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ochotona
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Re: Golden Butterfly Portfolio

Post by ochotona » Thu Feb 04, 2016 5:44 am

Tyler wrote:
ochotona wrote: I came up with this variant of the GB, and I like it:

20% Gold
20% US Stocks
20% Small Cap Blend
20% Intermediate Term Treas
20% Total Bond Market
I think that's just fine, but total bond market and intermediate treasuries are extremely similar.  So I'm not sure what that's buying you over just holding 40% of one or the other.
The correlation between IEF and BND is high, but not 1.00. It's actually 0.75. You get a bit of diversification.
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Re: Golden Butterfly Portfolio

Post by Jpeizie » Thu Feb 18, 2016 5:24 am

Tyler et al,

I've finally decided to stop lurking and post something here! I wanted to pick the board's brain about the GB. Specifically, why do you like small cap? It seems to me that this tilts the portfolio really far in the direction of the stock market in general and toward the idea that the small cap premium will stay intact specifically. I read through the thread so I know you're aware there's a lot of uncertainty about that last point. So why make such a huge bet on it with 20% of the portfolio? In addition, I am really starting to buy into a lot of the demographic worriers saying that Japan is a more extreme preview of what we can expect from the US stock market. All of that makes me really uncomfortable about placing such a relatively large bet on the US market continuing its historic performance going forward.

All that said, I'm considering a portfolio that is basically the GB but instead of 20% small caps, it would use 20% residential REITs. I like this basically because sitting back and collecting rent as a landlord has and probably always will make good money, REIT's are highly volatile so from a PP perspective it seems like they should be a good addition, and residential REITs should be less highly correlated to the market than REITs in general. In other words, I expect residential REITs to weather a recession much better than REITs with heavy business/retail exposure. 

Thoughts?
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Tyler
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Re: Golden Butterfly Portfolio

Post by Tyler » Thu Feb 18, 2016 10:45 am

Hi JPeizie.  Welcome to the forum!

Good questions.

I like small cap because it provides good diversification away from large cap, not just in correlations but also in company exposure.  Because of cap weighting, the price of large cap funds (or even total market funds) is really driven by a relative handful of mega caps.  Honestly, mid-caps or total international would also be reasonable choices for the same reason.

Beyond the simplified GB version, I also am attracted to the specific combination of VB/VBR with VTI.  They all also include a good amount of mid caps as well, and the resulting combined portfolio has a relatively even spread between small, mid, and large.  Just something to think about.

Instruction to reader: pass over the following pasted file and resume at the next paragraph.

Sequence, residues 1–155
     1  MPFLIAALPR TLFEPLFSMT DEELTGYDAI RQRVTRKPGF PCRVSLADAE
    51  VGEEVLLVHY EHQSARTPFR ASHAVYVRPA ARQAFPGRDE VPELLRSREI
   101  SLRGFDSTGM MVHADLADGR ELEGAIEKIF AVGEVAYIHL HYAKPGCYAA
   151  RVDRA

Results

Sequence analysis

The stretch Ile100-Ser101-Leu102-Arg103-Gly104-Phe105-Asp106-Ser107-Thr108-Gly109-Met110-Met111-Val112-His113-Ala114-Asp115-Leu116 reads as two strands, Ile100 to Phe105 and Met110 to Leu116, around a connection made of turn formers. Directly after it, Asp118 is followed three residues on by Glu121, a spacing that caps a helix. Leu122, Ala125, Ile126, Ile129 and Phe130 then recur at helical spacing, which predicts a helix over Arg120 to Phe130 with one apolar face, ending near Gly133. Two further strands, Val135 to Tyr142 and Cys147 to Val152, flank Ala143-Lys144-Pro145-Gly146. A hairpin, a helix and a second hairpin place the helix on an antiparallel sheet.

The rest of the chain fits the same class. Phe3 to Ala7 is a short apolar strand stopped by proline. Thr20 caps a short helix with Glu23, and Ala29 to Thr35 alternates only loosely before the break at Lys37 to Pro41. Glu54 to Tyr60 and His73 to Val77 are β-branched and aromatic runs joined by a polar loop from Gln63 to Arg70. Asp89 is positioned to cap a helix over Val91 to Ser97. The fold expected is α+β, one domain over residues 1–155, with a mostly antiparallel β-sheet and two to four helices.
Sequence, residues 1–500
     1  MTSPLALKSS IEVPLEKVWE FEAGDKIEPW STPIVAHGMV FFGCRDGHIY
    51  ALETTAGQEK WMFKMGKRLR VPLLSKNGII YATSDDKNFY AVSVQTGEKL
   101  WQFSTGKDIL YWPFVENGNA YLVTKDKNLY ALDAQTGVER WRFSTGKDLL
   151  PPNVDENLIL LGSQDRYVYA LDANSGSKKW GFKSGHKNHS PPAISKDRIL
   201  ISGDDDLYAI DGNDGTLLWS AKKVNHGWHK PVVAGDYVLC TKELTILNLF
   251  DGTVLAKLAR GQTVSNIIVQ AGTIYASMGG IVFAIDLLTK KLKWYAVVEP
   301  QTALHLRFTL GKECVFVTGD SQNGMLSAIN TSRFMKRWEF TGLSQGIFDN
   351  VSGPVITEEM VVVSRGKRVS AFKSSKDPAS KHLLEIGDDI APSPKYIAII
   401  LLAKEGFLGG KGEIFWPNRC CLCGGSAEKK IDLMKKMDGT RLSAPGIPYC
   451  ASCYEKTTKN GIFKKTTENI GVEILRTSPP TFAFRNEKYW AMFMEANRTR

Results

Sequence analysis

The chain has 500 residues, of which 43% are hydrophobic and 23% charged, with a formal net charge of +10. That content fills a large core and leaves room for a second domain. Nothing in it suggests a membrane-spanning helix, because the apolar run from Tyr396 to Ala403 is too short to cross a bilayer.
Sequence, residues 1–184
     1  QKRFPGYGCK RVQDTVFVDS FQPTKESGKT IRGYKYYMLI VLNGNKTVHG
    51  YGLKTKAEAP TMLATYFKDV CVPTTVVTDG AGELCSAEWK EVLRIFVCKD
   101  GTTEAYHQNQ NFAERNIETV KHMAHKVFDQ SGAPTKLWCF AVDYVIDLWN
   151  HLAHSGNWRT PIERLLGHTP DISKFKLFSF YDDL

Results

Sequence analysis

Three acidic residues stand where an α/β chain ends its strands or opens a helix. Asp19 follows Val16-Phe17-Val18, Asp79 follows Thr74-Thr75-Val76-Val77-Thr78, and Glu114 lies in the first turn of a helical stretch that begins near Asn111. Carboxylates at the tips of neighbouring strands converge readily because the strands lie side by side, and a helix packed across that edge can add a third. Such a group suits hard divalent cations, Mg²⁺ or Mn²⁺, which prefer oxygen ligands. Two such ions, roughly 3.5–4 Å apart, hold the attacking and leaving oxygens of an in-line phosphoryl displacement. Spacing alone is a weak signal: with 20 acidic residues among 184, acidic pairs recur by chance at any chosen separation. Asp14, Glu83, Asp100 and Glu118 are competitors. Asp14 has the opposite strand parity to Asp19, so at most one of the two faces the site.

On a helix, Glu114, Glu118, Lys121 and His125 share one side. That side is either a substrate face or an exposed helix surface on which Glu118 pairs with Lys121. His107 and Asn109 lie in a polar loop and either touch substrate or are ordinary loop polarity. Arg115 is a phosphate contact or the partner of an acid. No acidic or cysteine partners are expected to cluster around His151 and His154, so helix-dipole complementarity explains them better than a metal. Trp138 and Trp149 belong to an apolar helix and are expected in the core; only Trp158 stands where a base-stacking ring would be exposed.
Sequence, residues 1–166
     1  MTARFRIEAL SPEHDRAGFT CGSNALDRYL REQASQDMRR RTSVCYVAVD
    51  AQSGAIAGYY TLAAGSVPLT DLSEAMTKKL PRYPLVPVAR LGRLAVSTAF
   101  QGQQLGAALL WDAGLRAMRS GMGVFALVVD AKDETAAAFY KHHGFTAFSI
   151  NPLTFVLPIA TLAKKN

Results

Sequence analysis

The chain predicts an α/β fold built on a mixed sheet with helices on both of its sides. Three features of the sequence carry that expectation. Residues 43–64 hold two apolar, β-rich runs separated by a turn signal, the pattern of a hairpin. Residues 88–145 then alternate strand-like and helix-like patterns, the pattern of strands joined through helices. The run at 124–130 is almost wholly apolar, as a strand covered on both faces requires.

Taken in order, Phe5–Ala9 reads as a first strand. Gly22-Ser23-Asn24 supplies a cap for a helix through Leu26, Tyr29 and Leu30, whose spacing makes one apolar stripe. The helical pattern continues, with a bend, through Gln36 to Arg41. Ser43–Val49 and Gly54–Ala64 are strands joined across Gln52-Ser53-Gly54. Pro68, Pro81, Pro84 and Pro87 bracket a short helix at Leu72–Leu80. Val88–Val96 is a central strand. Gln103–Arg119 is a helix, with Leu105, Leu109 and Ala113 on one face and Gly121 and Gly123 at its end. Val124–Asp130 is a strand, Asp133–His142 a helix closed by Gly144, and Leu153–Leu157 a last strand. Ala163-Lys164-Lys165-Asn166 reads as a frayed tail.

To be honest, I like small cap value because it works.  The historical performance over blend or growth is pretty striking.  Now opinions differ on why it works and whether it will continue to work, and I've discussed that in the thread a bit.  I don't know the answer.  The most vocal supporter of SCV is probably Larry Swedroe.  So for the pros, google some of his articles.

REITs are also a tempting choice, but I don't like them for myself because between my house and the REITs already included in the stock market index, I'm already plenty exposed to real estate.  I didn't include them in the GB because many others are in the same boat, and for those people a portfolio with REITs may not be as diverse as it seems on the surface.  But everyone's situation is different, and they may also be a decent option for you.

And don't forget -- if you're worried about the US going the direction of Japan, the good ol' Permanent Portfolio is still an excellent option.  I've been very happy with it.  No 5th component or tilting required. 

Hope that helps.
Last edited by Tyler on Thu Feb 18, 2016 12:51 pm, edited 1 time in total.
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ochotona
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Re: Golden Butterfly Portfolio

Post by ochotona » Thu Feb 18, 2016 2:20 pm

What about a PP with 25% SCV?

(Took a quick look... I like it)
Last edited by ochotona on Thu Feb 18, 2016 3:33 pm, edited 1 time in total.
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Re: Golden Butterfly Portfolio

Post by Austen Heller » Thu Feb 18, 2016 6:46 pm

I first learned about the Fama-French small-cap value advantage back in 2004.  This is how VBR, the small-cap value ETF, has done since then, compared to total stock market (VTI):

Image

I know these dates are cherry-picked, but as long as I've been investing, SCV has not been worth the effort.

The following chart includes dividends:
VISVX (small-cap value) vs VTSAX (total stock market)
Image
Last edited by Austen Heller on Thu Feb 18, 2016 6:52 pm, edited 1 time in total.